The compact city and the associated process of densification have attained almost hegemonic status as a sustainable urban form. Seeking to counteract the negative impacts of sprawl, urban densification has usually focused on areas beyond the city centre. However, a renewed attraction of the urban core is altering patterns at a time when other trends, including the decline of retailing and commercial activity, are also changing demands for space in the city centre. This paper investigates different approaches to the use of urban densification as part of strategies for the regeneration of the city centre. Drawing on two case studies - Newcastle upon Tyne in the UK and Newcastle New South Wales in Australia - it considers the different mechanisms by which city authorities and their development partners are seeking to densify the city centre, and examines tensions created by the process in these two contexts. In addition to document analysis, data is derived from symposia based in both cities as part of the future of the city centre project led by the authors. Contributors included representatives from local government, non-government organisations, business and community groups. The outcome is an appraisal of contrasting approaches to the densification of city centres.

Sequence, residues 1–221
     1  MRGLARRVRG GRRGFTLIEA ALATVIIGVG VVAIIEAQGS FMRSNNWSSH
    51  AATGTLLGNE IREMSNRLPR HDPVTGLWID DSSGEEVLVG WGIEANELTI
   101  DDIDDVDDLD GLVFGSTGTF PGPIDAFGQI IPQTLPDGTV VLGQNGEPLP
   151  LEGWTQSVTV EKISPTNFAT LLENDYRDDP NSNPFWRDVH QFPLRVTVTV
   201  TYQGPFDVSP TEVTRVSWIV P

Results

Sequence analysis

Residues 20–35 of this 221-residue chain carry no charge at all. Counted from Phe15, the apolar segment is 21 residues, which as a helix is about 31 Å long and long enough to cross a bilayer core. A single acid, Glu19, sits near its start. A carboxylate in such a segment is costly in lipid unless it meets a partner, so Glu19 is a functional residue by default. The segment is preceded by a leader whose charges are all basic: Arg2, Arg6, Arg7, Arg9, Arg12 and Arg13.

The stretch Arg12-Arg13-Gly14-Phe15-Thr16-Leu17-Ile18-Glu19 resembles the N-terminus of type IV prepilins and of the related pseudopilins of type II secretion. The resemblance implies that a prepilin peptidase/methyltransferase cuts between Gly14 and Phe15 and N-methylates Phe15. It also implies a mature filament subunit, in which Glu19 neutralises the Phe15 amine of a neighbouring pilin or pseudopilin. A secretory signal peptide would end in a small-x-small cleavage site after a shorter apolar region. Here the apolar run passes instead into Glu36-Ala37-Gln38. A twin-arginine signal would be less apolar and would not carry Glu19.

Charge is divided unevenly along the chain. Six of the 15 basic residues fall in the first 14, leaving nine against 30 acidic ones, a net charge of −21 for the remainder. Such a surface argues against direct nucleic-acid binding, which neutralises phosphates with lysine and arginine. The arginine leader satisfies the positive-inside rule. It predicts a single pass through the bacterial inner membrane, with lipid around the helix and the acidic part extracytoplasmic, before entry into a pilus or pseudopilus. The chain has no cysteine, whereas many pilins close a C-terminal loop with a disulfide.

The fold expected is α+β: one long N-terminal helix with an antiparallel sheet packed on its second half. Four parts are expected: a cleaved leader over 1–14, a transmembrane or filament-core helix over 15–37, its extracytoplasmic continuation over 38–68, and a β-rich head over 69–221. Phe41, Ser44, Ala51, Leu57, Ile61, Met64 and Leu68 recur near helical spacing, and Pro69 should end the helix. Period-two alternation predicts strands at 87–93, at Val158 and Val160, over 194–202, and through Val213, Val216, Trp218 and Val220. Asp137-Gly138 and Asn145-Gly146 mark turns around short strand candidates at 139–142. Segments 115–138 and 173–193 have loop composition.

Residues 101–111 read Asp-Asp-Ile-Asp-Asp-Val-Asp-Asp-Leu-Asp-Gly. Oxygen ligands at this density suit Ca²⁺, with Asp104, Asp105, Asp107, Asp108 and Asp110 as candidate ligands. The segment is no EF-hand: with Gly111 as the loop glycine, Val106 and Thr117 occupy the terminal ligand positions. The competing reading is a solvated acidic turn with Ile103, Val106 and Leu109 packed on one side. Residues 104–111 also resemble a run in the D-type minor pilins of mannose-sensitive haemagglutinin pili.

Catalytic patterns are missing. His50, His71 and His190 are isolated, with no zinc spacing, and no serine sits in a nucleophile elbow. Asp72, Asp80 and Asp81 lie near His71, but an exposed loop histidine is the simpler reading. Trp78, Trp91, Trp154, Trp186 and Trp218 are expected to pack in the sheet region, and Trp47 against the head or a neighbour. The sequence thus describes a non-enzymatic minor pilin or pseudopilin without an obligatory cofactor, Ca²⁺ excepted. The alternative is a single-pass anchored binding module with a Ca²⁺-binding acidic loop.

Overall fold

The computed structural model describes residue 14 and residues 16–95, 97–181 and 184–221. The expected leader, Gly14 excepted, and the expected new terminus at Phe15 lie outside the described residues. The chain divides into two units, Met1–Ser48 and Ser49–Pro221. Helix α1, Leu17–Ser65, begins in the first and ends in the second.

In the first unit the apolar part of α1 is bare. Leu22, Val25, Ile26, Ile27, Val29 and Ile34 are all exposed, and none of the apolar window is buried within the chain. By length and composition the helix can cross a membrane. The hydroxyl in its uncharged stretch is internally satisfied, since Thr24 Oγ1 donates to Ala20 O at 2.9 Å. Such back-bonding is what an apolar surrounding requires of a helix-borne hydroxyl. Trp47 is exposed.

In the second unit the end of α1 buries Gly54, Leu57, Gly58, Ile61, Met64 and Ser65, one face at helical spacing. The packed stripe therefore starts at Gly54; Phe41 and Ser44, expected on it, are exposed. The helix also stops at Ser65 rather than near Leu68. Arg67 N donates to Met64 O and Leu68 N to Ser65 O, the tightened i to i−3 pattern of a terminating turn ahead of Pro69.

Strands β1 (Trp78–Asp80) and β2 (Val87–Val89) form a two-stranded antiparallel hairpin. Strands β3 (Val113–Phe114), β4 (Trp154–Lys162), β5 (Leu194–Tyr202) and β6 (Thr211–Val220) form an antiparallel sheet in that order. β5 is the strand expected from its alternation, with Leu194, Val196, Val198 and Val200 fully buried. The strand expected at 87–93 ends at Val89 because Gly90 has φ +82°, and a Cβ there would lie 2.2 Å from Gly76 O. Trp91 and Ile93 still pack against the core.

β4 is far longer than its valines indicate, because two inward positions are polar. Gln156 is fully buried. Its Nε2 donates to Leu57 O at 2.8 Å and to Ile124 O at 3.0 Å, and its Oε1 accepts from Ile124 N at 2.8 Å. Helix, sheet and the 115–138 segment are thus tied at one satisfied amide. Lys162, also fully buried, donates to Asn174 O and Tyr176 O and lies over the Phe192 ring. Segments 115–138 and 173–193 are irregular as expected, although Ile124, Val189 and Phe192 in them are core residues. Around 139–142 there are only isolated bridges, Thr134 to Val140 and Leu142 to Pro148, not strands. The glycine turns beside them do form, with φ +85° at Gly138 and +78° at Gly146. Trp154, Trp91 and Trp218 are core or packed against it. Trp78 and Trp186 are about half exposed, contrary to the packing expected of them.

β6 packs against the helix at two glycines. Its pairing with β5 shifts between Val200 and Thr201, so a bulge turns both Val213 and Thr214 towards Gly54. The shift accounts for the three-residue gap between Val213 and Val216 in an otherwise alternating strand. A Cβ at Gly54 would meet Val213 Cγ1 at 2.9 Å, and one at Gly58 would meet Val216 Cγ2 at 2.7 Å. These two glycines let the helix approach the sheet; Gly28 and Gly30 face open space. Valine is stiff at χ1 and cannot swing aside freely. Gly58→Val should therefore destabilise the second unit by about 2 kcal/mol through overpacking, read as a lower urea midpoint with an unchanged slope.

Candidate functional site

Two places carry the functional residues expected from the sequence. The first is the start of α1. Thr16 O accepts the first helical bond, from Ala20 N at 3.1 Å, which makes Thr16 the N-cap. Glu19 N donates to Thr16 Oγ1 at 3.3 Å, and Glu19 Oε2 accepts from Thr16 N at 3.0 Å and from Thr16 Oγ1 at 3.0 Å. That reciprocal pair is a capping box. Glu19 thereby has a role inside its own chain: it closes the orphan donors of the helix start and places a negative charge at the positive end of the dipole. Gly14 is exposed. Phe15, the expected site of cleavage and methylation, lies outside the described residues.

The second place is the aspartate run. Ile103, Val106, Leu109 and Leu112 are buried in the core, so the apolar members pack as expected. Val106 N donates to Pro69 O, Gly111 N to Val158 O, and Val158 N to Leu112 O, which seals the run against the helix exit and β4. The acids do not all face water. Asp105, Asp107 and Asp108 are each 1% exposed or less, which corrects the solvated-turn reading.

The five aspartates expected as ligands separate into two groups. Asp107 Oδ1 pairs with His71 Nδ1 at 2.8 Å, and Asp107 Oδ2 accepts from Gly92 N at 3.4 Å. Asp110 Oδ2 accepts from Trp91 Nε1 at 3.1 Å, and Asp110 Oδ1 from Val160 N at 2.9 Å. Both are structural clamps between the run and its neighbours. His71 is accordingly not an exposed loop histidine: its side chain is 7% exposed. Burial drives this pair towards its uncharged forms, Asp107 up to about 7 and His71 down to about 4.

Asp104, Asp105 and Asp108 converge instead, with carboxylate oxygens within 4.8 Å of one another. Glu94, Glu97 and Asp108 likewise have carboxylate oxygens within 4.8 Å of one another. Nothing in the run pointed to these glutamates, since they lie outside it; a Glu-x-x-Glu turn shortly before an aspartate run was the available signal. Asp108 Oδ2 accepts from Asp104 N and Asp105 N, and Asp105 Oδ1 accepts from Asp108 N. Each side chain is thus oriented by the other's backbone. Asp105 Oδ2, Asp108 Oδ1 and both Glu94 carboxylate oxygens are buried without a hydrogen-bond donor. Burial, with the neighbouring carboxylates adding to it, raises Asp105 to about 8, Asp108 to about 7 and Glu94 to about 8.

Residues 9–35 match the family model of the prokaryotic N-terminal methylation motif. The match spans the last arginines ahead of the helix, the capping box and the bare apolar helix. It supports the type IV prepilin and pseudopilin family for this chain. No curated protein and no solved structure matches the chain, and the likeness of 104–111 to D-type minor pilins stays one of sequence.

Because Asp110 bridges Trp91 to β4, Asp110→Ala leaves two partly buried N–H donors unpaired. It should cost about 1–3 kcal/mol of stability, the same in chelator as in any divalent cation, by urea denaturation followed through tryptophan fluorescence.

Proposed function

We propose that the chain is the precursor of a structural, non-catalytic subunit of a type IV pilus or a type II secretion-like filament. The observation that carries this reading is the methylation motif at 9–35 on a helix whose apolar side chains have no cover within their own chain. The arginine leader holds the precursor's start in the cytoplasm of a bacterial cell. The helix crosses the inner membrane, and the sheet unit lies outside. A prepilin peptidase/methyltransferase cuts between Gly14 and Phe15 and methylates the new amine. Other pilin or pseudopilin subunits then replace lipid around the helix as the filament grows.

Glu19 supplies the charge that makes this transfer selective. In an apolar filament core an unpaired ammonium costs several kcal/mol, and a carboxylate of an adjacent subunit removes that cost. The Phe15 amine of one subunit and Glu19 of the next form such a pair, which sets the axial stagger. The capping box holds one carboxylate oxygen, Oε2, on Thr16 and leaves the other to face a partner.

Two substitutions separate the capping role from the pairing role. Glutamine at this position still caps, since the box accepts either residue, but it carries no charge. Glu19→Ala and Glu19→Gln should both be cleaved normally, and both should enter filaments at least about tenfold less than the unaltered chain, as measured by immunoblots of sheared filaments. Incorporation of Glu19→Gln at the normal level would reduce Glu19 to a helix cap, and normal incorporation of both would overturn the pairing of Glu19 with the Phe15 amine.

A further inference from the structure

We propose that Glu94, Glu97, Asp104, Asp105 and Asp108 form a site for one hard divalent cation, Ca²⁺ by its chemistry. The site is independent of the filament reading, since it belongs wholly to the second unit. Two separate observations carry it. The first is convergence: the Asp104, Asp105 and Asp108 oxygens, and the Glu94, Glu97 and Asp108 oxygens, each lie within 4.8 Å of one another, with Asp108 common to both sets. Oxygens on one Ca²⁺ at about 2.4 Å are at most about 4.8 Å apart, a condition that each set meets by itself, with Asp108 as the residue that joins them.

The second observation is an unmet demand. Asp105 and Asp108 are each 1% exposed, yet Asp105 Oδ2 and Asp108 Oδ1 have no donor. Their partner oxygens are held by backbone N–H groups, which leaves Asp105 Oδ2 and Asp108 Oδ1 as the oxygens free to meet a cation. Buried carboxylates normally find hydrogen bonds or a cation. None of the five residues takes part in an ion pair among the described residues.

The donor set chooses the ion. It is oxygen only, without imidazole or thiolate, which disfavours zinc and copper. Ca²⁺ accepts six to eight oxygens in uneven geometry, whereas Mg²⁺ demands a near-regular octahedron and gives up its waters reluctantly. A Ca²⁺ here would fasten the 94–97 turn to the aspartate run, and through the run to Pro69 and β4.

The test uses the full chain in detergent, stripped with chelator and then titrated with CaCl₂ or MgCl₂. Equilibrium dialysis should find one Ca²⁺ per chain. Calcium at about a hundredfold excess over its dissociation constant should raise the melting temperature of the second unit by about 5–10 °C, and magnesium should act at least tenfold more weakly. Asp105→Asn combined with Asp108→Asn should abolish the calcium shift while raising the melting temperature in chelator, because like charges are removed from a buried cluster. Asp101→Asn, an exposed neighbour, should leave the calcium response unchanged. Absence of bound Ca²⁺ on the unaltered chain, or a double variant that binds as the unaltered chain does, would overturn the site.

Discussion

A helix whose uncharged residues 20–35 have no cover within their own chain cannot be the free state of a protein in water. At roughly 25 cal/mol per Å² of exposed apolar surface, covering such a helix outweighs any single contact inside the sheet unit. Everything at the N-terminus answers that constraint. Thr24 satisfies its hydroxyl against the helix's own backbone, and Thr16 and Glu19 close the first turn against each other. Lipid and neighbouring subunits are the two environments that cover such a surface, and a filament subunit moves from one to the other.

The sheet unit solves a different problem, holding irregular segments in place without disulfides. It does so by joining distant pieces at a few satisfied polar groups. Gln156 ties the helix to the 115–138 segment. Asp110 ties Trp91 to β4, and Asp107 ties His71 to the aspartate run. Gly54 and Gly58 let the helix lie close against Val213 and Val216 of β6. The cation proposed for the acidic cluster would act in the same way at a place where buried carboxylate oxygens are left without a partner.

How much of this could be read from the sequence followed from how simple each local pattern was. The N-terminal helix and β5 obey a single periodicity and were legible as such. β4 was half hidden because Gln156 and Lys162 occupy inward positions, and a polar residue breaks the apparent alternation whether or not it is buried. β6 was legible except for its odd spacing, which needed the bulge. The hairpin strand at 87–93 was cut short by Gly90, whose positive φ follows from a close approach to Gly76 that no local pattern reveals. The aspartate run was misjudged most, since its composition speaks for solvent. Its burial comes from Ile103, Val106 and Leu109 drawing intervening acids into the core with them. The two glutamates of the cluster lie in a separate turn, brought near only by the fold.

|Number of pages||18|
|Journal||Buildings & Cities|
|Publication status||Published - 16 Feb 2021|
- compact cities
- city centres